One of the things I love the most about my work as a Transformational Coach is those times when ‘lightbulb’ moments occur within the coaching space. Experiencing a client making inner connections as insights about themselves emerge from their subconscious always feels rewarding. Insight is at the heart of the coaching journey. It is insight that leads to enhanced self awareness. Clients who are insightful and self-aware gain more confidence and have greater ability to grow and develop personally and professionally. Experiencing a client making inner connections as insights about themselves emerge from their subconscious always feels rewarding. Insight is at the heart of the coaching journey. It is insight that leads to enhanced self awareness. Clients who are insightful and self-aware gain more confidence and have greater ability to grow and develop personally and professionally.
Insight is powerful. The purpose of coaching is to create a space in which it can more readily emerge, be identified and be translated into self awareness. I’ve been reflecting on what makes that space work, on which elements or ingredients need to be in place for insight to emerge.
Rapport – A key part of forming the coaching relationship is developing rapport, sharing back and forth, building mutual trust and using our reflective practice to develop a relational depth from which deeper insights can emerge.
Time – Another critical element is simply allowing space and time for insight to emerge. Protecting the time within the coaching session. Knowing that the sessions are a journey where the relationship and insights can develop over time. This includes transitioning into and out of the session (which can be a challenge in these times of back to back zooms!)
Presence – A fundamental part of the value of coaching for me is having someone who is present in the moment with you, knowing that you can feel heard and seen and that you have the time and space to articulate thoughts that perhaps are not yet fully formed. The coach withholds judgement, is aware of their own thoughts and feelings and is able to keep them in the background in order to hold the client in the centre of the process and to follow the client’s interest, not their own in where the conversation goes.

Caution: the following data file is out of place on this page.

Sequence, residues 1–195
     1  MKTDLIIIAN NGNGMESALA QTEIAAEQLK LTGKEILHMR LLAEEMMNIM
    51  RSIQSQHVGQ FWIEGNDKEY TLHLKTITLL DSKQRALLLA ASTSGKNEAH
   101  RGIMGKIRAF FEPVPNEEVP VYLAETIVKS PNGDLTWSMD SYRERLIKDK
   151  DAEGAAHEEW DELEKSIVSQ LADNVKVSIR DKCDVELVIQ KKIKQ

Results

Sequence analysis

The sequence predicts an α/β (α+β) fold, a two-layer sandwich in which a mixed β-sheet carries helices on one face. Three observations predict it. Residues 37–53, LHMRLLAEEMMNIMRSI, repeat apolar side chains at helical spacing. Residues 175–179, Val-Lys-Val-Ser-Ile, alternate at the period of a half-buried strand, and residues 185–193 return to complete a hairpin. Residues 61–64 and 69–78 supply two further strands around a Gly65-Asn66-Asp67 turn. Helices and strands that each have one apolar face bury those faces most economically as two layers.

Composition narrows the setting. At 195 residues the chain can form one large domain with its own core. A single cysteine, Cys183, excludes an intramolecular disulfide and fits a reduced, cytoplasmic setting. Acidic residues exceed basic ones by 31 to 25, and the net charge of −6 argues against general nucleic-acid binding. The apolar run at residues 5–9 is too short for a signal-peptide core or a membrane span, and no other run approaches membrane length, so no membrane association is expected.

Curiosity – Another element of reflective practice, presence and active listening is curiosity. Genuinely wanting to go deeper into someone’s story helps the insights from the story emerge. And emerge on their terms. Being curious for and in service of the client.
Questioning – Curiosity goes hand in hand with active, powerful questioning, using this to explore preconceptions, biases or judgements that may be holding them back from their goals. On its own this challenging questioning can seem interrogative and be counter productive. As part of the blend of ingredients that make up the coaching space it can act more to reveal or frame the insights as salt or spice bring out the flavour of a meal. At times coaching is directive and draws more on the coaches own resources and at other times it is more non-directive and the coaches questions will pull rather than push the client’s awareness.
It’s the ability to combine these elements in exactly the right way that underpins the Coaching excellence our network of Coaches are able to deliver to individuals and teams in their everyday practice. The reward for excellence is witnessing more and more of those lightbulb moments, which don’t just spark insight but lead to genuinely transformational change in how individuals, think, feel, behave and act.
What are your experiences?
Those are some of my reflections and experiences on why the space we create as Transformational Coaches is so powerful in enhancing self awareness.
What do you think?
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